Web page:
Load Testing with Locust.io

I’ve recently done some load testing using Locust.io. The setup was more complicated than other tools and I didn’t feel like it was well documented on their site. Here’s how I got Locust.io running on two different Linux platforms.

Locust.io on RedHal Enterprise Linux (RHEL)

Naturally, these instructions will work on CentOS too.

sudo yum -y install python-setuptools python-devel
sudo yum -y install libevent libevent-devel

One requirement of Locust.io is ZeroMQ. I found instructions to install that on their site http://zeromq.org/distro:centos

sudo yum -y -c http://download.opensuse.org/repositories/home:/fengshuo:/zeromq/CentOS_CentOS-6/home:fengshuo:zeromq.repo install zeromq zeromq-devel
sudo easy_install locustio
sudo easy_install pyzmq

Locust.io on Debian

sudo apt-get -y install python-setuptools
sudo apt-get -y install python-dev
sudo apt-get -y install libevent-dev
sudo apt-get -y install libzmq3-dev
sudo easy_install locustio
sudo easy_install pyzmq

Running Locust.io Test

Here’s a simple python test script for Locust.io. Save this to a file named locust-example.py.

from locust import HttpLocust, TaskSet, task
 
class UserBehavior(TaskSet):
    @task
    def index(self):
        self.client.get("/")
 
class WebsiteUser(HttpLocust):
    task_set = UserBehavior
    min_wait = 1000
    max_wait = 3000

At this point you should be ready to run a test. You can run this from any user directory.

locust -H http://15.125.92.195 -f locust-example.py --master&
locust -f locust-example.py --slave&
locust -f locust-example.py --slave&
locust -f locust-example.py --slave&

The first line above specifies the host against which all requests will be executed, an IP address 15.125.92.195 in this case. I start these as jobs that run in the background so I can start up some slaves too. In this case I start three. All the output from these will still go to stdout. You can verify that the processes are running using the jobs command.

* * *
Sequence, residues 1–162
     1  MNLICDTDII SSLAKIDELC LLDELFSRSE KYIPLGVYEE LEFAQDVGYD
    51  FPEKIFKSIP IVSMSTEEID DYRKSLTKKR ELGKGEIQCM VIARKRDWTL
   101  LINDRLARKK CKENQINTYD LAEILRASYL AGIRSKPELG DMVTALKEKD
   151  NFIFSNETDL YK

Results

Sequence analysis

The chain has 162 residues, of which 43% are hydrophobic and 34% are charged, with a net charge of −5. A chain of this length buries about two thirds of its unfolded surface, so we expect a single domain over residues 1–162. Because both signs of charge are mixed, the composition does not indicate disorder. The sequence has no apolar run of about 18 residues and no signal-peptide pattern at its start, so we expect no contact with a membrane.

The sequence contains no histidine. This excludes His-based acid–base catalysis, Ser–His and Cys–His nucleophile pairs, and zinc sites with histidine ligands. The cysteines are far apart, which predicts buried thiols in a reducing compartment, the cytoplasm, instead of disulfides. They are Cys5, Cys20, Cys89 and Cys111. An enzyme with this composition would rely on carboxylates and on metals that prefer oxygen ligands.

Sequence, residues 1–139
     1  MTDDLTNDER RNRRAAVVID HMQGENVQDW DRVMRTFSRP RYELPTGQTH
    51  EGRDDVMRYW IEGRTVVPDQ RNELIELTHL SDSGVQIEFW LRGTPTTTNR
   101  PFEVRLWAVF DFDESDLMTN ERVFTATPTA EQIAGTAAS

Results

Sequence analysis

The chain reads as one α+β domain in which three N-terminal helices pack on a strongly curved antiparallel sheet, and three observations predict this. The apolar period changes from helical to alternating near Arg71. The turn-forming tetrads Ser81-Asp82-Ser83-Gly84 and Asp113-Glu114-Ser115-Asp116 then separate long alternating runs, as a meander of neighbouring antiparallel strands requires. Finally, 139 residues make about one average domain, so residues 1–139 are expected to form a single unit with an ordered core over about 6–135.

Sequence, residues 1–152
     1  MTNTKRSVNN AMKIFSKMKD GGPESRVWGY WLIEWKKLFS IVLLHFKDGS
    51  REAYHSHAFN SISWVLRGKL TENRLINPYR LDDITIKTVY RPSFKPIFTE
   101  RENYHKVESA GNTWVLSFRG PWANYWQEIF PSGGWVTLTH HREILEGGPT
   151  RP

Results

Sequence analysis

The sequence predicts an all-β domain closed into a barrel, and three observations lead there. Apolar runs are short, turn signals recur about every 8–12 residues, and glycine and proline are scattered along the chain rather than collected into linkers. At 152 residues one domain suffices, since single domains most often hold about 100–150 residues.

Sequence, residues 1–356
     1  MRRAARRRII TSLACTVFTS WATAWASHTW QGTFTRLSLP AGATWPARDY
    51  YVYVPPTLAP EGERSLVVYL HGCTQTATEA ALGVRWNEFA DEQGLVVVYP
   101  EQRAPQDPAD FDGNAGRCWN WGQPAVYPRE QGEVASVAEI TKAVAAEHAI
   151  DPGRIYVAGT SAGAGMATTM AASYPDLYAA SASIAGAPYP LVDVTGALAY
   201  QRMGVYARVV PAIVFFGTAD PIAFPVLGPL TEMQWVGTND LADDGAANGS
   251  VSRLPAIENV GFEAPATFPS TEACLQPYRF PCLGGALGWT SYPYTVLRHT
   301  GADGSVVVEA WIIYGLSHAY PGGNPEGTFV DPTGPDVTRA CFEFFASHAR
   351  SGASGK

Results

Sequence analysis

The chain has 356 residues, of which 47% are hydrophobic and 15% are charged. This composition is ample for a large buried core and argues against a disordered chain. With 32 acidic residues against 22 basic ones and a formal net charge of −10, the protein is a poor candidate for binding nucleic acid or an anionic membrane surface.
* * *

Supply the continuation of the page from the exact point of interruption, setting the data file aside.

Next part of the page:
debian@locust:~$ jobs
[1]   Running                 locust -H http://15.125.92.195 -f locust-testnginx.py --master &
[2]   Running                 locust -f locust-testnginx.py --slave &
[3]-  Running                 locust -f locust-testnginx.py --slave &
[4]+  Running                 locust -f locust-testnginx.py --slave &

You can now load the Locust.io user interface in a web browser. Just point to the hostname/IP on port 8089.

locust-io-ui-start

After starting up, Locust will spin up clients, distributed among the slaves, until it has reached the desired number. After it reaches the full number of clients it automatically resets the stats and keeps running until it is manually stopped.

locust-io-ui-stats

That’s it. For better utilization of multiple cores, spin up additional slaves. I keep a locust.io image on hand so I can quickly spin it up when I have load testing to do. Since the test scripts are python, I keep them in the same repositories with the applications under test. Follow this link for full documentation for Locust.io.

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About Daniel Watrous

I'm a Software & Electrical Engineer and online entrepreneur.

2 Responses to “Load Testing with Locust.io”

  1. Hello, i am running locust with master and slave mode with 8 slaves. i set Number of users as 500 and hatch rate of 200.
    I see my locust master process gets killed after sometime saying out of memory.
    I am running on 64 bit Ubuntu 4 GB RAM.
    I see locust consumes almost around 3 GB of memory. Can you please help me to fix this issue.

    • Santosh, this doesn’t sound like a locust.io problem, but instead a problem with the test script you wrote in python. If you’re attempting to store requests or do post processing it’s possible your test script is holding on to that memory. Without seeing your test script, it’s difficult to say exactly. You can reply with a hist or pastbin url and I’ll look at it.

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